With regards the antioxidant activity, generally higher levels were observed in the first experiment. It was well known that the antioxidant activity in vegetables was as a result of the presence of several phytochemicals. In this context, it was important to underline that light conditions could affect the accumulation of phytochemicals, especially in controlled growth environments [38]. In the soilless production of rocket that was grown under different types of greenhouses, Buttaro et al. [39] reported a lower antioxidant capacity in the plants that were grown with a lower light intensity. Some of the authors [40,41] showed an increase in the antioxidant compounds of microgreens when a supplemental light source was applied for three days before the harvest. In our research, during the last three days of the second experiment, we observed a lower photosynthetically active radiation (PAR) inside the greenhouse, in comparison with the first experiment (Figure 1). Therefore, we could hypothesize that this different light condition in the second experiment might have negatively affected the average antioxidant activity of the microgreens in comparison with the first experiment. In both of the experiments, the CI microgreens generally showed the strongest antioxidant activity (Table 3 and Table 4). The observed levels were comparable to those that were reported for the radish microgreens [42]. Generally, the K level in the NS did not affect the antioxidant activity, with the exception of the CI in the first experiment. Actually, when the potassium content in the NS was drastically reduced from 117 to 0 mg K L−1, the antioxidant activity for the microgreens of this genotype increased (Figure 4). In both of the experiments, it was possible to observe a different antioxidant activity, depending on the genotypes (Table 3 and Table 4). In a study that was aimed to evaluate how the potassium content in the NS affected the antioxidant properties in basil (Ocimum basilicum L.), an increase in the antioxidant activity was observed when the K increased from 1.0 to 2.0 mM K, but lower values were observed at 5.0 mM K [43]. Moreover, these authors showed that the antioxidant capacity was differently affected by potassium treatment among the three different cultivars that were studied. In agreement with these authors, the results of the present study suggested that the changes of the K level in the NS might have significantly affected the antioxidant activity of the microgreens, depending on the genotypes and light conditions.
Finally, from a commercial point of view, it was interesting to highlight the following: (i) currently, microgreens could be considered a successful product in the food market; (ii) the soilless cultivation method that was proposed in this study was very similar to that of the commercial production of microgreens and conventional vegetables; (iii) no additional cost were required for the microgreens production with low potassium content, with respect to the conventional ones.

5. Conclusions

Independent of the genotype, we found a useful reduction of potassium in microgreens by reducing the potassium concentration in the nutrient solution, without negatively affecting the proximate composition. Thanks to their distinctive peculiarities, the microgreens that were produced in this study could be labeled with the nutritional claim ‘reduced potassium’, without the additional costs with respect to the conventional microgreens’ production. The availability of the microgreens with a low potassium content could be exploited so as to reduce the potassium intake for the same vegetable serving or to increase the amount of the vegetable serving without excessively increasing the potassium intake for the patients with impaired kidney function. Future research activities could be aimed toward the application of this cultivation method on several other genotypes, in order to obtain a large variety of these special food products. Possible next goals may also be directed towards the assessment of the nutritional and functional changes in the microgreens components during the storage of fresh-cut products with a low potassium content. Other research activities could be aimed toward the assessment of the nutrient compounds’ bioaccessibility in microgreens with a low potassium content, using in vitro gastro-intestinal digestion. Finally, animal experiments using chronic renal disease models and/or clinical studies could be carried out for assessing the potential benefits of microgreens with a low potassium content in comparison to the conventional ones for the patients with an impaired kidney function.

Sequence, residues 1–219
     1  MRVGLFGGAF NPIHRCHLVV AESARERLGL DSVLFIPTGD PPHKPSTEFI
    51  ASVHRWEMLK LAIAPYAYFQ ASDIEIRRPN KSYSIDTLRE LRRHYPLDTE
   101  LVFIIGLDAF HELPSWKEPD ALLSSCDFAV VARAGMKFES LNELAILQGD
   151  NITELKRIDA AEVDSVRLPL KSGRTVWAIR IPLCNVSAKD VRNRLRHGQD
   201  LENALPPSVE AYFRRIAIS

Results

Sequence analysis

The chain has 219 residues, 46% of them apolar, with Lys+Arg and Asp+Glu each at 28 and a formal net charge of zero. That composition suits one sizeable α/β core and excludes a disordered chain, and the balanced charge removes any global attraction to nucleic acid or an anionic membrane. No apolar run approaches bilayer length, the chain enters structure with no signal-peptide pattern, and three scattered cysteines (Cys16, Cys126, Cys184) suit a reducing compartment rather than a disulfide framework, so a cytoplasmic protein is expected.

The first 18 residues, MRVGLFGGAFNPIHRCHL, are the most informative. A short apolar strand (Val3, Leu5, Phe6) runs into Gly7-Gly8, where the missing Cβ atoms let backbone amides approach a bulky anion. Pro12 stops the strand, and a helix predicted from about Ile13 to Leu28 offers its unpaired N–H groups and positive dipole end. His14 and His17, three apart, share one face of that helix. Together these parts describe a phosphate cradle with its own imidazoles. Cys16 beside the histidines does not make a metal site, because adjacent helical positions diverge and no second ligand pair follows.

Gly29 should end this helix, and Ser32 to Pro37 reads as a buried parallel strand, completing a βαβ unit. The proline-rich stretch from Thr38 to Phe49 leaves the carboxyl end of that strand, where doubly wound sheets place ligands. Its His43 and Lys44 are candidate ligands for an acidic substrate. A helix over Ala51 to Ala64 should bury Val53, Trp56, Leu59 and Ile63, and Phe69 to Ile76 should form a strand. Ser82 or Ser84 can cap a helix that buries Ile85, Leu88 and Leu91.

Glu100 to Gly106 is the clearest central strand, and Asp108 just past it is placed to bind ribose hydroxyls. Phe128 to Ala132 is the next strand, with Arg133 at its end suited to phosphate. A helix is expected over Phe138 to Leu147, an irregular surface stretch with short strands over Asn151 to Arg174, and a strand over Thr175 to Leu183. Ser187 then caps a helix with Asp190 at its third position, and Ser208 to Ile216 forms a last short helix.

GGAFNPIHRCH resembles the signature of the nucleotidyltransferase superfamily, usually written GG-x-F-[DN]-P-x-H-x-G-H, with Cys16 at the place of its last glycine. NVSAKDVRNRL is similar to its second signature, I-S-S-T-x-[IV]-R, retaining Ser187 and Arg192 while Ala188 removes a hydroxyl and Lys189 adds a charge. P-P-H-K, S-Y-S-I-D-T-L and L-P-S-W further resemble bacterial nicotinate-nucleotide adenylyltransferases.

Author Contributions

M.R. and P.S.: Substantial contributions to the conception or design of the work; agreement to be accountable for all aspects of the work, in ensuring that the questions related to the accuracy or integrity of any part of the workwere appropriately investigated and resolved. M.R.: Drafting the work. P.S.: Analysis of data. V.M.P. and M.C.: carried out proximate analyses. B.L.: Carried out biometric and yield measures. V.M.P.: Revised the article critically and coordinated the proximate analyses. All of the authors participated in the interpretation of the data and helped to draft the manuscript. All of the authors read and approved the final manuscript. M.R. and P.S. were responsible for the final approval of the version that is to be published.

Funding

This research was funded by Fondazione Puglia under the Program ‘Ricerca Scientifica e Tecnologica—Bando Ricercatori 2015′, project “Produzione di micro-ortaggi con basso contenuto di potassio per pazienti affetti da insufficienza renale”

Acknowledgments

The authors thank Gerolmina Florio and Vito Rocco De Michele for their technical assistance. The authors dedicate to Nino, who inspired this research without being able to reap the benefits.